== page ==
Iraq dismisses Kurdish offer to ‘freeze’ independence vote
BAGHDAD (AP) — Iraq’s prime minister on Thursday dismissed a Kurdish proposal to “freeze” the results of last month’s independence vote, as Iraqi government forces and Kurdish fighters traded fire near the border with Turkey.
Haider al-Abadi’s office released the comments as he met with Iran’s supreme leader and other officials in Tehran. Both Iran and neighboring Turkey opposed the referendum, and have sided with Baghdad in the escalating dispute.
Iraq’s central government “will accept only the cancelling of the referendum and following the constitution,” al-Abadi said in the statement, rebuffing what appeared to be an attempt by Kurdish leaders to save face.
More than 90 percent voted in favor of independence from Iraq in last month’s non-binding referendum, which Kurdish leaders had billed as an opening bid in negotiations with Baghdad over expanded autonomy.
Instead, federal forces responded by retaking Kirkuk and other disputed areas outside the Kurds’ autonomous region. Most Kurdish forces have withdrawn without a fight, but scattered clashes have broken out, pitting two close U.S. allies against each other.
Iraq’s Kurdish regional government on Thursday accused Iraqi forces of “launching an offensive” against Kurdish forces along the border with Turkey.
“This is a blatant violation of the Iraqi constitution, which forbids the use of the army to settle political disputes. We condemn Iraq’s military aggression in the strongest terms,” the Kurdistan Region Security Council said.
Ahmed al-Asadi, a spokesman for the mostly Shiite state-sanctioned militias known as the Popular Mobilization Forces, said Kurdish troops opened fire on federal forces as they moved toward the border. He said the clashes caused no casualties.
The U.S. is closely allied with both the Iraqi military and Kurdish forces, which together have driven the Islamic State group from most of the country. But the top U.S. general in Iraq warned this week that the battle against the extremists is not yet over, and said the dispute with the Kurds has diverted precious resources.
“We don’t need Iraqis killing Iraqis when we’ve got Daesh to kill out in the west,” said Lt. Gen. Paul Funk, the commander of the U.S.-led coalition against IS in Iraq and Syria. Daesh is the Arabic acronym for IS, which still holds territory straddling Iraq’s western border with Syria.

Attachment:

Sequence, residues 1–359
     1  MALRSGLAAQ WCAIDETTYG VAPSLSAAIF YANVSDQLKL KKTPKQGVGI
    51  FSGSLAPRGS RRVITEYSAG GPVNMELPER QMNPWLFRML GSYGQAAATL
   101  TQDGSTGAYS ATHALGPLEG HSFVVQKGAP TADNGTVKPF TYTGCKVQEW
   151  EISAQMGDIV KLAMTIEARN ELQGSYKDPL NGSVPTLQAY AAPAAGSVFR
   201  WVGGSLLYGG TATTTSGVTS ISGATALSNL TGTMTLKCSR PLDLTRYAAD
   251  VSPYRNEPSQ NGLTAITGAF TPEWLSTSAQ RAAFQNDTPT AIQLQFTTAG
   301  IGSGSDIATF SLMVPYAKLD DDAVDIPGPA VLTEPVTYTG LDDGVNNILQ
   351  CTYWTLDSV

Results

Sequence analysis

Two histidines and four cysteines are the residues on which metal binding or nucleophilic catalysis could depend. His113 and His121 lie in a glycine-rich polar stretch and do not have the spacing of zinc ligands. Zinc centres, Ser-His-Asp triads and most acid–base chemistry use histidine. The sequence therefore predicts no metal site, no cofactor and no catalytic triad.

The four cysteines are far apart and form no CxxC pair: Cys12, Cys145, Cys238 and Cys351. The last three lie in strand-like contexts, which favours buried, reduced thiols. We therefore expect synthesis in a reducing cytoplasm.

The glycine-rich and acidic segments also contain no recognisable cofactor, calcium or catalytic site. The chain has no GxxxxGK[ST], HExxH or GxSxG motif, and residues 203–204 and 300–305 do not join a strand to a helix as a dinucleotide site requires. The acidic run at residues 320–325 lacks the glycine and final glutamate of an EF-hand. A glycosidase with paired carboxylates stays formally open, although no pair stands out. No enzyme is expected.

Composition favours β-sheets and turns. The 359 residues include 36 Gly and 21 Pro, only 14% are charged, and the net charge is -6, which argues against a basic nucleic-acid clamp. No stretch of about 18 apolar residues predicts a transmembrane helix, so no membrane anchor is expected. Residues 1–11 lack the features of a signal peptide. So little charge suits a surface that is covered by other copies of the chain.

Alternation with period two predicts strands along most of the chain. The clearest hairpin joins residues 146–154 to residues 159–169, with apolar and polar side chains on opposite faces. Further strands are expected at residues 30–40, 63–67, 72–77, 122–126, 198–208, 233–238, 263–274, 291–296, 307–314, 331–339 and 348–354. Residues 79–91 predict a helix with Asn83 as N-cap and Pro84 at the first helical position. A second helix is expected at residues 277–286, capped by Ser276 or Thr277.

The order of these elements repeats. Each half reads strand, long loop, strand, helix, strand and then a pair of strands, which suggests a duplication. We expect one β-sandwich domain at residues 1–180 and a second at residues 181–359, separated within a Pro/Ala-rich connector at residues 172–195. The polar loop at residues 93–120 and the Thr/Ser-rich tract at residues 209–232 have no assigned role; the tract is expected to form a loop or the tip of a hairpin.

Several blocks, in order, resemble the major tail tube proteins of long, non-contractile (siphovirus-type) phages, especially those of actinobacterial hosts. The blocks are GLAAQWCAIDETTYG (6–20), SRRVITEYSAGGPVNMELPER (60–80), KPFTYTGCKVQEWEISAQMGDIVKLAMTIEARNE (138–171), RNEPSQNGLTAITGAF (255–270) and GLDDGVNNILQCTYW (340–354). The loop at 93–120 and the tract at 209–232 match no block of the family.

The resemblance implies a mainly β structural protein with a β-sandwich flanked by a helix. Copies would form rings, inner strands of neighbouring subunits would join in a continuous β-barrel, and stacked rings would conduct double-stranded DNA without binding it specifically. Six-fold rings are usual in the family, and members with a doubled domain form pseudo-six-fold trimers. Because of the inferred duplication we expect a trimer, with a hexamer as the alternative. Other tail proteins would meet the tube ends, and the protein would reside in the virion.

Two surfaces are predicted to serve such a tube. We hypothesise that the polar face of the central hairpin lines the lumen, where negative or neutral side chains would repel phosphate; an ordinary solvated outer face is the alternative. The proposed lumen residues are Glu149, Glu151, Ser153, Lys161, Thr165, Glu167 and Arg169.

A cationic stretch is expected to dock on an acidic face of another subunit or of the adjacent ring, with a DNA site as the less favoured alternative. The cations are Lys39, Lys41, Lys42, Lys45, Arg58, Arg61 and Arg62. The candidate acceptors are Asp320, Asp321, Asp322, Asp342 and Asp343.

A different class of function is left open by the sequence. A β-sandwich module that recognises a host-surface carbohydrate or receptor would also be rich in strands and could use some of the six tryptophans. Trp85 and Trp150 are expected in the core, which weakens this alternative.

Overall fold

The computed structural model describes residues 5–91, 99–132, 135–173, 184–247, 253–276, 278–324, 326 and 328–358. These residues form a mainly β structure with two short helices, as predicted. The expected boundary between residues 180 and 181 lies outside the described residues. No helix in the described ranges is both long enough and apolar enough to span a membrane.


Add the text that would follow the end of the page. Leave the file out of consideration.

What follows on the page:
The coalition has said Iraqi and Kurdish troop movements and low-level skirmishes are stretching its intelligence and surveillance assets. Drones that previously kept watch over IS have been diverted to flashpoints in the disputed areas.
Army Col. Ryan Dillon said the infighting has also hindered the movement of military equipment and supplies to forces battling IS in Iraq and neighboring Syria.
On Thursday, Iraq announced an offensive to retake the last major pocket of IS-held territory, on the western edge of the sprawling Anbar province. Al-Abadi said in a statement that the operation aims to liberate the towns of Qaim and Rawa, adding that the militants much choose “death or surrender.”
The prime minister was meanwhile in Iran, where he was welcomed by Supreme Leader Ayatollah Ali Khamenei and other senior officials. Iran has expanded its influence over Iraq throughout the campaign against IS, chiefly by backing the Popular Mobilization Forces. It has also sided with Baghdad in the dispute with the Kurds.
Khamenei’s website quoted him as saying he supports Iraq’s efforts to ensure its “unified sovereignty and territorial integrity.” He also warned al-Abadi to “be careful about the Americans’ deceit and never trust them.”
Both Iran and Turkey have large Kurdish populations, and feared the referendum could encourage separatists. Thousands of Kurds took to the streets in northwestern Iran to celebrate the Iraqi referendum when it was held last month.
Associated Press writers Nasser Karimi in Tehran, Iran, Susannah George in Baghdad and Sarah El Deeb in Beirut contributed to this report.